"These efforts must be undertaken at a deliberate pace, which takes into account the impact that these changes will have on borrowers and the housing market."

Further "implementing a wind-down of Fannie Mae and Freddie Mac's future participation in the housing market requires recognition of both the fragile state of that market today and the private sector's need for clarity about the speed with which that transition will take place. As the market begins to heal and private investors return, we will seek opportunities, wherever possible, to accelerate Fannie Mae and Freddie Mac's withdrawal."

In an Aug. 17, 2012, press release, the Treasury Department announced a set of modifications to the Preferred Stock Purchase Agreements, or PPSAs, between the Treasury and the FHFA as conservator of Fannie and Freddie that will help expedite the wind-down of the two GSEs, make sure that every dollar of earnings each one generates is used to benefit taxpayers, and support the continued flow of mortgage credit during a responsible transition to a reformed housing finance market.

"With today's announcement, we are taking the next step toward responsibly winding down Fannie Mae and Freddie Mac, while continuing to support the necessary process of repair and recovery in the housing market," said Michael Stegman, counselor to the secretary of the Treasury for housing finance policy.

"As we continue to work toward bi-partisan housing finance reform, we are committed to putting in place measures right now that support continued access to mortgage credit for American families, promote a responsible transition, and protect taxpayer interests," he said.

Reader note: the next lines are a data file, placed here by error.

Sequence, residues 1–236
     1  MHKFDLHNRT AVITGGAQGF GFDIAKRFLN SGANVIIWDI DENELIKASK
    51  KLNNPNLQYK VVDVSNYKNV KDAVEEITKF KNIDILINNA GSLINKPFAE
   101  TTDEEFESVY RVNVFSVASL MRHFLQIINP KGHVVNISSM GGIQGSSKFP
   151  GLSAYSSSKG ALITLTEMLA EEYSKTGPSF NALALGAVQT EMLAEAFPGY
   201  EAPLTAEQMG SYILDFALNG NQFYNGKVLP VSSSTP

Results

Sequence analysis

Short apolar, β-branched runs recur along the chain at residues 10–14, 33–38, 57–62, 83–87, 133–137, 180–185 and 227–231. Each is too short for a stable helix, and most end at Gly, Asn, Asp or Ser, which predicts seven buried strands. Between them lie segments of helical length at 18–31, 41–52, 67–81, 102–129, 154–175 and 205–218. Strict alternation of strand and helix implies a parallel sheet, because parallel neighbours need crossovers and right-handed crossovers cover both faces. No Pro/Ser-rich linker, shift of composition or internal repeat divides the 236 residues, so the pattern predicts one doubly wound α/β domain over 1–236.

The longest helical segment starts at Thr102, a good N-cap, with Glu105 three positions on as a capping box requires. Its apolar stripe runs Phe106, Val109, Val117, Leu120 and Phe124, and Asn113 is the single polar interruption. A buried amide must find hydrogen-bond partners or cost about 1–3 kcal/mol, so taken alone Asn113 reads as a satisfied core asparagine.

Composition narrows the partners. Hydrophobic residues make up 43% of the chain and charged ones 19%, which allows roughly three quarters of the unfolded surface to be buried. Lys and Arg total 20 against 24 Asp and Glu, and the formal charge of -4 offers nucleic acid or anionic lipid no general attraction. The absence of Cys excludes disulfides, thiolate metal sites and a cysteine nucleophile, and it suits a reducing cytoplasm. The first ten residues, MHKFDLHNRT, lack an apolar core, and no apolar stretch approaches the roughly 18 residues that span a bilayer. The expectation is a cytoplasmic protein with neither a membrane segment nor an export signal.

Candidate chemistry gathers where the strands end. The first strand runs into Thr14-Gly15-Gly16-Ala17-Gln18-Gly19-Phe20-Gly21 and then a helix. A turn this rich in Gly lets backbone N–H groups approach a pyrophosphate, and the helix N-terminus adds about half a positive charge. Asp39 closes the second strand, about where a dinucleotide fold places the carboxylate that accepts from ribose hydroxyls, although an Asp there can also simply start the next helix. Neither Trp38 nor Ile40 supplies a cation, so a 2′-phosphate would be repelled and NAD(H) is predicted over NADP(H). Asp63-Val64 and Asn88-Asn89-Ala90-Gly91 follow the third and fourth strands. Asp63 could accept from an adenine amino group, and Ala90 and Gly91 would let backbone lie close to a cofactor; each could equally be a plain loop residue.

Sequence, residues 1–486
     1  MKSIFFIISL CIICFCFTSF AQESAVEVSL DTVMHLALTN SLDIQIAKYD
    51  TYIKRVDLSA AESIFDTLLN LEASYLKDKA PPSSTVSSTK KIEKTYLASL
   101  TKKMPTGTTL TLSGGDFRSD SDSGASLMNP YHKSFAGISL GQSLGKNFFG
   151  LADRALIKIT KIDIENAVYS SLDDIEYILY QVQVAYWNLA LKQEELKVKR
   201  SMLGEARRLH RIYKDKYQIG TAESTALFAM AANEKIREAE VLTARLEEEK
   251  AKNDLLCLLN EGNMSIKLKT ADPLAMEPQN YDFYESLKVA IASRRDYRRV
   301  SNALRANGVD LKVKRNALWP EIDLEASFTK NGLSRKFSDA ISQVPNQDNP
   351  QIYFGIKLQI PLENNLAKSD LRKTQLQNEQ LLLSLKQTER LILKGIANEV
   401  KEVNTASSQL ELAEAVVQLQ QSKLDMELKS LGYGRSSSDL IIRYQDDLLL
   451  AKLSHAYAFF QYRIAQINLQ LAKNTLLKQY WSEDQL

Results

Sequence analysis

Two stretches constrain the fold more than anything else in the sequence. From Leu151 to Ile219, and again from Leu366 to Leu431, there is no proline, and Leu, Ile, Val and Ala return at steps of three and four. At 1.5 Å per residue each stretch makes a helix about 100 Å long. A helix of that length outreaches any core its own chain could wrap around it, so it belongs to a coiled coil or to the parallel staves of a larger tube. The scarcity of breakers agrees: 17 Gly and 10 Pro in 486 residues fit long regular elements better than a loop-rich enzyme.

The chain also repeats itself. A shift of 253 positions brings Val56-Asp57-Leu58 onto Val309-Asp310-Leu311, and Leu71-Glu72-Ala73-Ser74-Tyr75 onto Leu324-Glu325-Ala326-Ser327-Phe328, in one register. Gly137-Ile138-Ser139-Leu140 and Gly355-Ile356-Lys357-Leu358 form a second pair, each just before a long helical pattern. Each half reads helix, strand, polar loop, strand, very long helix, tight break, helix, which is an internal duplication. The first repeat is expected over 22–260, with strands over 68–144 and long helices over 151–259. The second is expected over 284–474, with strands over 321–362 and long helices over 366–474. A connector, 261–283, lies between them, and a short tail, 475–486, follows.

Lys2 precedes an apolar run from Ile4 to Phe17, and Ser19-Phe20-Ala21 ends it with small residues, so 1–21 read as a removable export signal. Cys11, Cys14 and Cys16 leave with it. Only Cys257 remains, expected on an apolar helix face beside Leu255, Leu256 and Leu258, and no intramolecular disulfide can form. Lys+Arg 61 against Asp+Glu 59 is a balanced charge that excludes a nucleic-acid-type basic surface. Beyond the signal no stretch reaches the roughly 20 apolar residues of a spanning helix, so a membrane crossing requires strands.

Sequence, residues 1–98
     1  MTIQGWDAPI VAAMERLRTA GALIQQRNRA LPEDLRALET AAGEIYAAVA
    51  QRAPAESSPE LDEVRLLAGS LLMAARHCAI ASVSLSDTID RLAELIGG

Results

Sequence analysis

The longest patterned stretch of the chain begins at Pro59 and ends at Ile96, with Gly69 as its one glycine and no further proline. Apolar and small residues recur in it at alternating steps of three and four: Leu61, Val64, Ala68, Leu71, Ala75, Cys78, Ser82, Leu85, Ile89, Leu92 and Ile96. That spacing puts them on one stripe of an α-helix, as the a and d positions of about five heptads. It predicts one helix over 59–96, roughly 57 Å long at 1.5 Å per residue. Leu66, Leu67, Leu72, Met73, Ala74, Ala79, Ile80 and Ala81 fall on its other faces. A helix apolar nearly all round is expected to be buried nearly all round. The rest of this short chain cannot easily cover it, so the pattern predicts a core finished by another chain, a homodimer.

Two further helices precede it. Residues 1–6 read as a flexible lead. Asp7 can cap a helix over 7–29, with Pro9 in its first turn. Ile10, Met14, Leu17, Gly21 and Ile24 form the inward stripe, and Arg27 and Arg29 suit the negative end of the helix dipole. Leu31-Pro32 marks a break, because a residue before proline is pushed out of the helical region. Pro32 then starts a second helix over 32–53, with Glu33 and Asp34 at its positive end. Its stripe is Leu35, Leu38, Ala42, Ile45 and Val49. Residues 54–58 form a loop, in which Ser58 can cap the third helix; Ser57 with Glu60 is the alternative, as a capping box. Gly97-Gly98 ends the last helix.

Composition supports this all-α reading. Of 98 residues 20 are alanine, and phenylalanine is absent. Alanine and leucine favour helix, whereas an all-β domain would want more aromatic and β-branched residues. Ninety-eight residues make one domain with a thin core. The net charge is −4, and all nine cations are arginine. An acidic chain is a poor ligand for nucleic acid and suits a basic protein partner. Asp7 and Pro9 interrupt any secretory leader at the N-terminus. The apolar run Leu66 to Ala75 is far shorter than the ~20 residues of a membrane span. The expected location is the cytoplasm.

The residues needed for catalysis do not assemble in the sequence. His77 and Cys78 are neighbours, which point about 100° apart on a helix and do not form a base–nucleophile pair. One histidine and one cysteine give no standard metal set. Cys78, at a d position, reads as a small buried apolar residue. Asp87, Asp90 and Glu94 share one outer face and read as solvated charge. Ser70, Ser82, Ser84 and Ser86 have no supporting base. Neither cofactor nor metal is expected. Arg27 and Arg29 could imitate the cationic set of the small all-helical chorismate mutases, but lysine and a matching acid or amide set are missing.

The modifications to the PSPAs are consistent with FHFA's strategic plan for the conservatorship of Fannie and Freddie that it released in February 2012.

The modifications include the following key components: "The agreements require an accelerated reduction of Fannie Mae and Freddie Mac's investment portfolios. Those portfolios will now be wound down at an annual rate of 15% — an increase from the 10% annual reduction required in the previous agreements. As a result of this change, the GSEs' investment portfolios must be reduced to the $250 billion target set in the previous agreements four years earlier than previously scheduled."

On Aug. 17, 2012, Reuters responded to this new action by publishing that "the U.S. Treasury on Friday revamped the bailout of Fannie Mae and Freddie Mac to curb chances the giant mortgage finance firms could emerge from government control as the powerful, profit-driven corporations they once were. The Treasury said it would require the companies, whose massive losses threatened the financial system after the housing bubble burst in 2007, to shrink their investment portfolios more quickly and turn over any profits to taxpayers."

It is because the Treasury is focusing on the housing market and its recovery that the nexus of Fannie- and Freddie-issued bonds to the municipal securities market has not been revealed.

James Hardaway Jr. is managing director at Integral Financial PC.